The Shape of Water, this year’s most Oscar-nominated film, was not what was to be expected. Watching the growing hype surrounding the movie, I was initially confused. I mean, how much depth could there be to a plot centring around a fish-man and a mute woman falling in love? Why is it nominated for everything? And how did it get a 92% Rotten Tomatoes critic score? Suffice to say, as an intensely critical filmgoer, I was curious to see why this strange story was doing so well.
The storyline is unusual for a “Best Picture” nominee – and eventual winner. As I said above, the movie focuses on the budding romance between a mute janitor and the fish-man held in captivity, all taking place within a top secret research facility in the 1960s. It follows very carefully the traditional arcs found in beloved fairy tale romances, mixed with classical Hollywood influence. The fish-man looks like he came straight from the 1954 sci-fi The Creature From the Black Lagoon and there’s quite the romantic dance routine set in black-and-white that is characteristic of any old school romance. In this way, it seems to celebrate the power of Hollywood cinema.
However, this is not just another predictable Hollywood cinematic masterpiece – no, this is a movie made for the political scene of 2018. Guillermo del Toro did not just pick up “Best Director” at the Oscars for remaking something that has been done countless times before. Instead, he has been clear in stating that this is a film that is more, that pushes the boundaries and is about accepting and embracing the “other.”
The lead character is a mute woman, the main supporting characters are a black woman and a closeted gay man, and the only villain is an angry and bitter boss with a superiority complex towards anyone who isn’t also white. The film interestingly touches on his religion, which, due to his distorted view of faith, has prevented him from learning how to accept what is not the same. Though there were times where the characters were caught up in caricatures, the intensity of the overall story makes such moments of weakness (if they could even be considered as such) forgetful.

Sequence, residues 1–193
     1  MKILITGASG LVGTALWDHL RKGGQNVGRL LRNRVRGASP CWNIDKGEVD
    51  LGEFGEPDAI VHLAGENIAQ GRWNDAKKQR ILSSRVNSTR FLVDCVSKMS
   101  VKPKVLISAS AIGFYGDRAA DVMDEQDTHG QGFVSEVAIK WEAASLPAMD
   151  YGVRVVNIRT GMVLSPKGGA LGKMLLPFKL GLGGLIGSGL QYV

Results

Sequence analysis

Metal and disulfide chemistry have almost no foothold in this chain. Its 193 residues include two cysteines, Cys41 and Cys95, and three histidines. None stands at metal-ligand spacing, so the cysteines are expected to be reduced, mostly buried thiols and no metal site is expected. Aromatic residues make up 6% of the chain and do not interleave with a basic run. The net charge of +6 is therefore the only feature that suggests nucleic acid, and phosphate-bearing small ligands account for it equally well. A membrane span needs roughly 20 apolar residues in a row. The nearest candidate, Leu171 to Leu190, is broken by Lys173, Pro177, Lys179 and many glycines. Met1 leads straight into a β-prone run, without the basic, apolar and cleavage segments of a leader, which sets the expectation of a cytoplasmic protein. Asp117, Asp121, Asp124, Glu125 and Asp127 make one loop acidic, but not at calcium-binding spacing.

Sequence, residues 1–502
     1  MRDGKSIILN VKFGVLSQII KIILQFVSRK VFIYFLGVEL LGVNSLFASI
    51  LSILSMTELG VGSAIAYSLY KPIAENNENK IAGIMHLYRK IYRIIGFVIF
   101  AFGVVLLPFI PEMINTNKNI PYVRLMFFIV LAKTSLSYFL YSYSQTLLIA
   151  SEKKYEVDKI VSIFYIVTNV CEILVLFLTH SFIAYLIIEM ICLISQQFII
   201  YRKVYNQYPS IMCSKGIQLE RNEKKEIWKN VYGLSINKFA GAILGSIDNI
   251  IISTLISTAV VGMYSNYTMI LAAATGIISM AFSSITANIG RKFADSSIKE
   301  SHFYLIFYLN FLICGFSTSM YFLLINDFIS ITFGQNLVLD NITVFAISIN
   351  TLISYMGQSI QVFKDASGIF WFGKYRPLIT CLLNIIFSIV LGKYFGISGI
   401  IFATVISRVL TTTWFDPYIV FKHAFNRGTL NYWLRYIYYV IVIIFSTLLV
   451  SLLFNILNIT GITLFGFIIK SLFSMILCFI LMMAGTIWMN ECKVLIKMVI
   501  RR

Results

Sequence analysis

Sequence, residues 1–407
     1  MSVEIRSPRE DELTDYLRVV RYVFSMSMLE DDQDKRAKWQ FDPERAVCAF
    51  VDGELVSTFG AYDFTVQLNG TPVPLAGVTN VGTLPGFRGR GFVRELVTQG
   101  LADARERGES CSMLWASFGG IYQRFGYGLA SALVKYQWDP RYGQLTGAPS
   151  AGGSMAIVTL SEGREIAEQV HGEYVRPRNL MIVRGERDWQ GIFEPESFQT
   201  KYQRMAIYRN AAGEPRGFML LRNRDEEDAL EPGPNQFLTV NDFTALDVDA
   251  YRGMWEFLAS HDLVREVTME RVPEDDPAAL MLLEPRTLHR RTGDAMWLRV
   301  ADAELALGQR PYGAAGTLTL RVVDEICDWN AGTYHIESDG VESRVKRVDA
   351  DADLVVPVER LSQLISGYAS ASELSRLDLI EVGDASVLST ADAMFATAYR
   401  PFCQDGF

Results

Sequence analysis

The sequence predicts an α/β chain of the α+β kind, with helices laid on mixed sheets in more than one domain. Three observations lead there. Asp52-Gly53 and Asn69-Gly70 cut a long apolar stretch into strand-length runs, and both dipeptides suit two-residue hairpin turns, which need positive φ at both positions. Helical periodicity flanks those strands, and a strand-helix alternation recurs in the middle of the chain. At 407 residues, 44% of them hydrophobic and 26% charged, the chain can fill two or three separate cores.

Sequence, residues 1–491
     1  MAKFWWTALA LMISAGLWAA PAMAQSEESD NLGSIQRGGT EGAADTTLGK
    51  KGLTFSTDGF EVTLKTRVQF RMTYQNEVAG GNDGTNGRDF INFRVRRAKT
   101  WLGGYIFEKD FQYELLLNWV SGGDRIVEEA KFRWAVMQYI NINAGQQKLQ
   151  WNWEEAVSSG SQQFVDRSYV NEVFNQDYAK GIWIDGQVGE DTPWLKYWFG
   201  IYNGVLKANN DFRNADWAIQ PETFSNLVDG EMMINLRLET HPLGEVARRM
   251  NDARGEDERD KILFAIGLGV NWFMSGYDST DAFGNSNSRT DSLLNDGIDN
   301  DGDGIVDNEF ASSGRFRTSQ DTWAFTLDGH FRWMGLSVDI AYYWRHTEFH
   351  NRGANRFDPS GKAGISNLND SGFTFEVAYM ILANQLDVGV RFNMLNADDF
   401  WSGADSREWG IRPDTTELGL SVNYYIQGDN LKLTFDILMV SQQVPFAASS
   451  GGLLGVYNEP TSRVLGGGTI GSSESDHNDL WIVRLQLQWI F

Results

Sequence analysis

Similar to del Toro’s 2006 masterpiece Pan’s Labyrinth, this movie fits perfectly into the genre of magical realism. It is the perfect blend of something accessible yet fantastical, like an old fairytale set in a familiar setting.
The storyline deals with a common present-day trope, in that it centres on the idea of a love that isn’t “proper”, but del Toro masterfully recreates it to become a piece of art, rather than just a statement on our current reality. Inherently political, it spins it so that it becomes timeless, something beautiful and provocative, instead of just the latter. It raises questions about preconceived notions and assumptions for the modern day, all set to a wonderful score with spectacular cinematography. It’s wistfully nostalgic and relevant, well deserving of its 13 Oscar nominations and 4 eventual wins. I would definitely recommend this movie for your next night in!